Safe From Terror pleased a majority of the harness racing punters on Friday night (April 1) at Miami Valley Raceway as the even-money favorite won the $20,000 Fillies and Mares Open pace for the third time in her last four tries since returning to Ohio from Pompano Park two months ago. Driver Chris Page floated out from behind the gate, waited for her main rivals Native Dream (Dan Noble) and American Girl (Ronnie Wrenn Jr.) to settle on the front end, then burst up to take the lead at the :27.3 first quarter station. The four-year-old daughter of Western Terror had little difficulty maintaining her position on the point through remaining teletimer stoppages of :56, 1:24.3 and 1:53 at the finish. The pride of the Winchester Baye Acres stable, trained by Jim Arledge Jr., returned $4.20 to her faithful with the convincing score over runnerup American Girl and show finisher Ken Doll J (Josh Sutton). Safe From Terror, a Harrisburg sale purchase last November, now has 16 career victories and $526,262 in earnings--$42,640 of the total in eight 2016 starts. A pair of first leg divisions of the Dr. Don Mossbarger Memorial trotting series were also contested with Southwind Roulette and Tucson Breeze copping the lion's share of the $12,500 purses. Southwind Roulette (Chris Page) lived up to her favorite status, prevailing over Cool Desire (Randy Tharps) and Swinging Cami (Jeremy Smith) in 1:53.3. A daughter of Somebeachsomewhere, owned by Frank Poerio Jr and trained by Kris Hinchcliff, she returned $4.60 for a $2 win bet. Although just a five-time winner, thus fitting the series conditions (N/W 6 pari-mutuel races or $50,000 lifetime), Southwind Roulette now has over $530,000 in lifetime bounty. Tucson Breeze (Dan Noble), on the other hand, did not garner the same kind of pre-race support but nevertheless paced home a fast-closing 1:53 winner, returning a handsome $31.80 mutuel. Heavily-favored Ginger Tree Alexis (Josh Sutton) cut the mile throughout before finishing second, while Dandy's Beauty (Randy Tharps) got up for third. The winner is owned by Aimee Hock and is trained by her father Bill Mt. Pleasant. The win was the daughter of Nuclear Breeze's seventh and pushed her career earnings to $55,483. Rose Run Quasar (Chris Page) won her fifth consecutive race at her third different track over the past five weeks. The four-year-old Explosive Matter mare, owned by Jeffrey Porter and trained by Dale Edwards, started her streak with a pair of triumphs at Northfield Park, captured two more at The Meadows, and garnered her first at Miami Valley in 1:57.4. Her next start is expected to be in the Dr. Dan Farwick Memorial Series at Miami Valley on April 12. Both Cincinnati Gal (Josh Sutton) who was second and Vin (Roy Wilson) who grabbed the show loot are also nominated to the Mossbarger. Gregg Keidel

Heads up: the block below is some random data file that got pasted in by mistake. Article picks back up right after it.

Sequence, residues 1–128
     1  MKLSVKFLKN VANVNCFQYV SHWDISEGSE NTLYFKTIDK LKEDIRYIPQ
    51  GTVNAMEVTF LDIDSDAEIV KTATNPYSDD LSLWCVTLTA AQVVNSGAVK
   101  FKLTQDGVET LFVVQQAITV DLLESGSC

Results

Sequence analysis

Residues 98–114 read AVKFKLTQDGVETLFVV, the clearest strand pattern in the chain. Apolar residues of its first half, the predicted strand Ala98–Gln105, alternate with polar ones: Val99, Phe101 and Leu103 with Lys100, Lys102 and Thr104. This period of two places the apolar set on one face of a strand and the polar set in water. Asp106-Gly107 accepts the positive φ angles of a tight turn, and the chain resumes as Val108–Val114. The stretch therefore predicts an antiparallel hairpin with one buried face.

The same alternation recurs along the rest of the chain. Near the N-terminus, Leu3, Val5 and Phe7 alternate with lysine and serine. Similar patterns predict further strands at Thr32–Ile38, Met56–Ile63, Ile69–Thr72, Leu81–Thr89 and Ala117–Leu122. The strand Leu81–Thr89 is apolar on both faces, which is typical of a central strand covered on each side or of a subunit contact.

Safe From Terror scored her second straight win in Miami Valley's Friday (March 11) $20,000 harness racing mares Open, besting bridesmaid Native Dream (John DeLong) for the second straight week with Aqua Artist (Trace Tetrick) holding on for third after showing the way to the first quarter pole in a quick :26.3. Driver Chris Page elected to move the winner from fourth to the lead during the second quarter, with the half reached in :55.2. Never seriously challenged in the payoff half-mile, Safe From Terror tacked on :28.1 and :28.4 closing panels to complete her mission. It was the 15th career win for the four-year-old daughter of Western Terror, who has banked $513,862 in her first forty starts. Jim Arledge Jr. trains the triumphant lass for Winchester Baye Acres. Earlier on the card, a pair of first leg divisions of the Herb Coven Jr. Memorial Series were contested for distaffers who were non-winners of four races or $30,000 lifetime. Jackie's Rocket (Brady Galliers) copped the first split by beating Powered By Pink (Ken Holliday) and ER Lila (LeWayne Miller) in 1:54.1. Swinging Cami (Jeremy Smith) sped to a 1:53.2 victory in the second division, topping Gray Shadow (Kyle Ater) and Miss Princess Leah (Chris Page). Gregg Keidel  

Safe From Terror captured the $20,000 Mares Open Pace at Miami Valley Raceway on Friday night (March 4), surpassing the half-million dollar earnings mark with the 1:53 score. Harness racing driver Chris Page was content to get away fourth in the ten-horse field with the favored four-year-old daughter of Western Terror. Inching closer at each call, Safe From Terror moved up to third at the half, second at the three quarters and finally collared pacesetters Lease Ness Monster and Aqua Artist at the head of the stretch. Page completed the successful journey by holding off closers Native Dream (John DeLong) and Cast No Shadow (Tyler Smith) by a length and a half at the wire. Jim Arledge Jr. now trains the winner, who was making her second start at Miami Valley since her owner Winchester Baye Acres shipped her back north from Pompano Park a month ago. The feature race was the closing leg of the 50-cent Lucky Pick 5 as the exotic wager made its debut in the USTA's Strategic Wagering program with a $10,000 guaranteed pool. The experiment was a rousing success as over $13,700 in new wagers were added to the $4000 carryover. After deducting the 12% industry-low takeout from the new bets, a total of over $16,000 was divided by eleven winners who each received $1462.05 for their half-dollar wagers. Winners in the Lucky Pick 5 were Western Empress (Jeremy Smith, $4.00 to win), Rehab Mountain (Chris Page, $7.20), Alibi Seelster (Randy Tharps, $18.60), A Little Starstruk (John DeLong, $10,000) and Safe From Terror (Chris Page, $4.60). Gregg Keidel